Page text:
COC Spotlight: Do We Really Have to Leave Megalopolis

Maybe the title of this Creator-Owned Comics Spotlight should be Leaving Me Wanting More.


After a recent move, I have been looking for a new comic book store to call home. While trying out a couple of different locations, I found Leaving Megalopolis on the shelf. This great book is written by Gail Simone with art by Jim Calafiore. Colors were provided by Jason Wright and the letterer is Dave Sharpe.

The truth is I had missed the boat on this book because I hadn’t been familiar with Kickstarter at the time this book was crowd funded. For those of you not in the know like I was, Kickstarter allows various creators to help get funding from the public (crowd funding right) to help on production costs for their work.

I had heard about this book after the fact on various podcasts, but the opportunity didn’t arise to get my greedy hands on it until I stumbled on it in this shop. And man it was worth every penny.

Like just about everyone else, I really enjoyed Simone and Calafiore’s run on the Secret Six from DC. Watching these two collaborate on any project is like watching your favorite band throw a reunion tour. It scratches that itch you have and is certainly a performance to remember.

What can I say about this story? It is a wonderful look at what humans will do to survive in a war zone. For the citizens of Megalopolis, the end times are nigh and they are living in an apocalyptic setting.

And what of the dangers lying around every corner? These poor souls aren’t faced with slow moving zombies or a super rabies virus. Instead they are at odds with their former superhuman protectors who once made Megalopolis the world’s safest city.

Super speed death attacks, scooped up by flyers and given the swan dive of doom, and super strength feats of killing are the norm for those stuck in the city.

The creative team wastes no time showing us the destruction in Megalopolis as well as the dangers thatvawait our main characters. The focal point of the story is Mina, who becomes the leader of a group of survivors even though she seems reluctant.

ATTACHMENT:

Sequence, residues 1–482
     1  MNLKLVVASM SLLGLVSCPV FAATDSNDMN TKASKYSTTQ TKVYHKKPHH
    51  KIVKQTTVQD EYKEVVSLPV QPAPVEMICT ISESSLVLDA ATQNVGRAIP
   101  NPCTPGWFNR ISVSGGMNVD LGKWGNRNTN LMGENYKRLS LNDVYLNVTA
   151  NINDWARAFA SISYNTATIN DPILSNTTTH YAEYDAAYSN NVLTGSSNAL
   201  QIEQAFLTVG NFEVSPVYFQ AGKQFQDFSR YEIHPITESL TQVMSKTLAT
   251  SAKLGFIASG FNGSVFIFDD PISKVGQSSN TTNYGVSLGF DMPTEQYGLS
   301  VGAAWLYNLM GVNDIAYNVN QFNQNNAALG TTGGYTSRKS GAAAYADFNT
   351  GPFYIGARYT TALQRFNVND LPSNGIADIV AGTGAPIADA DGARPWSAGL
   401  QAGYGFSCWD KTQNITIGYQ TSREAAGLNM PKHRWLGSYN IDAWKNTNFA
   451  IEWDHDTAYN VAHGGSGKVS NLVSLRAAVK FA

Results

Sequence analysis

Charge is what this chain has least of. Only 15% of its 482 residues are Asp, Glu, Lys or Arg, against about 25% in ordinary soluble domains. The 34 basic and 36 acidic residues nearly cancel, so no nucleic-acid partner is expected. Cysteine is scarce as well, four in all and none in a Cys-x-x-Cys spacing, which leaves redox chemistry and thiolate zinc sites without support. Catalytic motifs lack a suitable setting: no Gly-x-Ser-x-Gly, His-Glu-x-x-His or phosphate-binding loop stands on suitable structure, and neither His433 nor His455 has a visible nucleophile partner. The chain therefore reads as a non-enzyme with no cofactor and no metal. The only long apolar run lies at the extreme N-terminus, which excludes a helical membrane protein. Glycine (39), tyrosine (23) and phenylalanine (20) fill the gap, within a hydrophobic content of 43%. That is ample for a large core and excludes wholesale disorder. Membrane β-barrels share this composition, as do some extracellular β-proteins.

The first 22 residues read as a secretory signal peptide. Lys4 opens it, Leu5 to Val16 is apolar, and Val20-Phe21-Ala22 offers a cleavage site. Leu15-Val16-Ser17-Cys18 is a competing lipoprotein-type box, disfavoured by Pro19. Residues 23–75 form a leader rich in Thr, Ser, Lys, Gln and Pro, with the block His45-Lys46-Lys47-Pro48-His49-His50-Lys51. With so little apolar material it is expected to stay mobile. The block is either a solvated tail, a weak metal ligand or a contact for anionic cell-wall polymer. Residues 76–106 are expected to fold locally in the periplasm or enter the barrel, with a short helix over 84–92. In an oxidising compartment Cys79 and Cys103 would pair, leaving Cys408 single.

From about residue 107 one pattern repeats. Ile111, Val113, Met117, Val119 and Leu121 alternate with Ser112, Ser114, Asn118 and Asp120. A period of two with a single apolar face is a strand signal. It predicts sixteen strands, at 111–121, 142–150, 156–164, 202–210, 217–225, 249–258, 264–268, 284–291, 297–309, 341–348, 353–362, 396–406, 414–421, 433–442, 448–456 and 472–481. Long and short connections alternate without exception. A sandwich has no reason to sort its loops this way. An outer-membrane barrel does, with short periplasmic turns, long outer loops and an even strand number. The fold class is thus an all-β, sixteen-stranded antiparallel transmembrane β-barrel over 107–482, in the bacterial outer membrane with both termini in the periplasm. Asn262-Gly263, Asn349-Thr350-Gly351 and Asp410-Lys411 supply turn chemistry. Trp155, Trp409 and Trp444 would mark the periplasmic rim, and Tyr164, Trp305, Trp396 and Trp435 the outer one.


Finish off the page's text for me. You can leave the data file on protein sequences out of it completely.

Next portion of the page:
She tries to come off as rough and uncaring but her icy exterior melts as she looks to protect a battered teenager and picks up other survivors along the way. The story also flashes back to Mina’s backstory to show how she became the type of person who distances her self from others and the many hard times she has faced in her life up to and including the current crisis in the city.

The writing and art in this story do an amazing job of showing how people struggle to survive in a city gone mad. It draws us in with concern for our main characters and shows how they come together as a group in order to survive. However, it also effectively uses the story and pages to show another group. While this group did manage to come together, the methods they employ for survival are a stark contrast to our main group a highlight the heart these characters truly have.

Thanks to the efforts of Simone and Calafiore, this story has great world building without losing any focus on character building. The visuals are stunning as the designs for the super-heroes are really cool and distinct.

But what would the art look like without the colorist or the script be without the letterer. The art and designs really are complemented by the colors used by Jason Wright. His use of earthier colors and tones in the flashback sequences to Mina’s past are provide a nice contrast to the colors employed in the city scenes. And the city absolutely looks like a war zone from the darker hues that seem to permeate through the current day events down to the details of the dirt and grime all over the devastation.

Dave Sharpe also does a tremendous job with his well placed lettering. The word balloons and caption boxes are easy to follow and never diminish the art. He also shows his chops in sections where the lettering is a call back to the style we see on the front of covers or in intro pages to comics we are all familiar with.

In closing, this book has a fantastic journey with a real poignant ending that really needs to be read. There is also a great 14 page story at the end this time with the whole team minus Gail Simone further expanding on this world. In short I would love to visit Megalopolis again with this creative team, though it probably wouldn’t be a good time to live there.


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